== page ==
Healing dogs help kids learn new tricks in Summit schools
Ryan Summerlin December 8, 2012
As Grant Payne opens his book, Alma lays down next to him. At the beginning of the reading period, the Frisco Elementary third-grader fidgeted in his beanbag chair, but as time goes on, the calming presence of Alma takes effect. While Grant focuses on sounding out a difficult word, Alma sighs and rests her head against his knee. Her work here is done.
Alma is a black Labrador, and she is part of the Reading Education Assistance Dogs (R.E.A.D.) program, which pairs children with canines in the hope that the relationship will improved literacy and communication skills.
Summit County’s R.E.A.D. dogs are part of the group Summit Therapy Animals, a nonprofit that provides pet-facilitated therapy in hospitals, schools and libraries, among others. All of the dogs go through training and tests to become certified as therapy animals before going on assignment.
Alma has the distinction of being the first R.E.A.D. dog in Summit County. Her owner, Susan Alderman, pioneered the program with the Summit County schools.
“Animals with a lot of love can do a lot,” Alderman said.
She says R.E.A.D. is a good fit for Alma. The Lab was originally raised to become a service dog for people with disabilities through the Canine Partners of the Rockies. As she neared the end of the program, however, it became clear to her handlers that acting as a service dog wasn’t in Alma’s wheelhouse. Her true mission, it turned out, was found in the library with kids.
The program contacted Alderman and asked if she would ensure Alma’s future helping children.
“Being a former teacher and having reading as one of my loves in terms of kids, I said ‘of course.’ So that’s how it started,” said Alderman, who has lived in Summit County for 25 years.
In 2005 she offered Alma’s services to Frisco Elementary. Now, more than 10 teams provide R.E.A.D. dogs for every school in Summit County except Breckenridge Elementary. However, Alderman said a team is currently going through training with the intent to take on that school as well.
Every Thursday, Alderman walks Alma to the doorway of Frisco’s third- and fourth-grade classrooms. Each student involved in the R.E.A.D. program takes turns with Alma. They come to the door, greet her cheerfully and take her leash, leading her through the winding hallways to a quiet room. As the students settle into a beanbag chair, Alma cuddles up to them and puts her head down as they open their book. Alderman sits nearby, ready to give help with difficult words.
The difference between the noisy classroom and the reading room is dramatic. As the pages turn, the students relax as they are drawn into the story. The only sound is peaceful, rhythmic sound of Alma’s breathing.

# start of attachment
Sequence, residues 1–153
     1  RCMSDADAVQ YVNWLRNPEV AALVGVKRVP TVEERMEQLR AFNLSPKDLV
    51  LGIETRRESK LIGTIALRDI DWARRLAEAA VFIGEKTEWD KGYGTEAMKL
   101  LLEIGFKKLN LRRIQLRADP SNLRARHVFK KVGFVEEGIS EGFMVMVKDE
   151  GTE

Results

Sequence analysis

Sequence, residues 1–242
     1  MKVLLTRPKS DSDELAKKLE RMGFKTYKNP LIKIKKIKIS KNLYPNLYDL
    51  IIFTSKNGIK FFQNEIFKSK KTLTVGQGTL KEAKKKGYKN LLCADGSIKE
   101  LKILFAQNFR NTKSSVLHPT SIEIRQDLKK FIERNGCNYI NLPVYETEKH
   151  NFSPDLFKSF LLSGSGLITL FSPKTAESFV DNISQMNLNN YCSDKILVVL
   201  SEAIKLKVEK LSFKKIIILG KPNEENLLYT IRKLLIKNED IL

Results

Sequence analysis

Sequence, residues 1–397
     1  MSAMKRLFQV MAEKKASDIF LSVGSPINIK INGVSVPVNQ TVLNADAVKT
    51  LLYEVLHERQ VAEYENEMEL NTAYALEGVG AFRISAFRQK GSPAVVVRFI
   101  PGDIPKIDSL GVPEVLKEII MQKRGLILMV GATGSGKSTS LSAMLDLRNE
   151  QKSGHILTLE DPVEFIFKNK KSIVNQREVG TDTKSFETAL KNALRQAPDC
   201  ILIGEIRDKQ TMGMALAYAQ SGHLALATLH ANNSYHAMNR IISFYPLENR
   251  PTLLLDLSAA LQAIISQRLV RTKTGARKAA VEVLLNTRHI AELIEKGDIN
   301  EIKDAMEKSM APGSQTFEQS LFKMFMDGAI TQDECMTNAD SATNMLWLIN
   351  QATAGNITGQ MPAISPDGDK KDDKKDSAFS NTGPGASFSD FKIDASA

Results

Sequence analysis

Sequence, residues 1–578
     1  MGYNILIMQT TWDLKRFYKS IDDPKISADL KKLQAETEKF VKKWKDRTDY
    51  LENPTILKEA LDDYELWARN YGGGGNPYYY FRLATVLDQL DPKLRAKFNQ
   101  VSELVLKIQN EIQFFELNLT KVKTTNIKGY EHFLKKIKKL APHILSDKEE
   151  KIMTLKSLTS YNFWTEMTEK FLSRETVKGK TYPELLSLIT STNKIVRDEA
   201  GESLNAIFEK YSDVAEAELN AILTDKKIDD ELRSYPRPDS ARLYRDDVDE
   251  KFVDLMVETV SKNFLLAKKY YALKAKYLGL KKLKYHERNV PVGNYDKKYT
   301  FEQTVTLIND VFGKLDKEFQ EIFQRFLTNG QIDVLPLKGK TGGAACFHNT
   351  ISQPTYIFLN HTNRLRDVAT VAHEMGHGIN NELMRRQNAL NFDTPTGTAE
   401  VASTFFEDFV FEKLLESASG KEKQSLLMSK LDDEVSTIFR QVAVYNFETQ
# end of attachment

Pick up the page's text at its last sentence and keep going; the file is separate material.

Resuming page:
“It gives them a non-threatening place where they can read,” said Martha Herwehe, a fourth-grade teacher at Frisco Elementary. She says she also notices a difference in behavior after the children come back from their reading sessions.
“They’re confident. They’re excited when they go,” she said. “They love being with the dog.”
Herwehe says that reading with the dogs helps the children learn. It increases their fluency and their understanding of the material.
“Oral reading is so different than reading to themselves. They feel like they’re telling the story.”
Therapy dogs are chosen for their calm temperament and gentle behavior. The training they go through makes sure that they react appropriately in a public setting that may include children, sick people, the elderly and other animals. When deciding what type of therapy to do, it’s important to observe where the animal feels the most comfortable, says Alderman. Alma, for example, exhibited signs of stress when placed in a retirement home environment, but is completely at home with young children.
According to the Intermountain Therapy Animals website – the organization that started R.E.A.D. in 1999 – spending time with animals increases relaxation and lowers blood pressure. Children will feel comfortable reading to the animal because they can go at their own pace without feeling judgment, as they might from peers.
“It’s about the relationship with the kids,” said Alderman. “The goal is to make it possible for them to be in an environment where they feel comfortable, where they don’t feel judged.”
Herwehe agrees, and says that her students are talkative after their reading sessions, and like to tell stories about the dogs they spend time with.
When asked what his favorite part about reading to Alma was, Grant replied, “She listens.”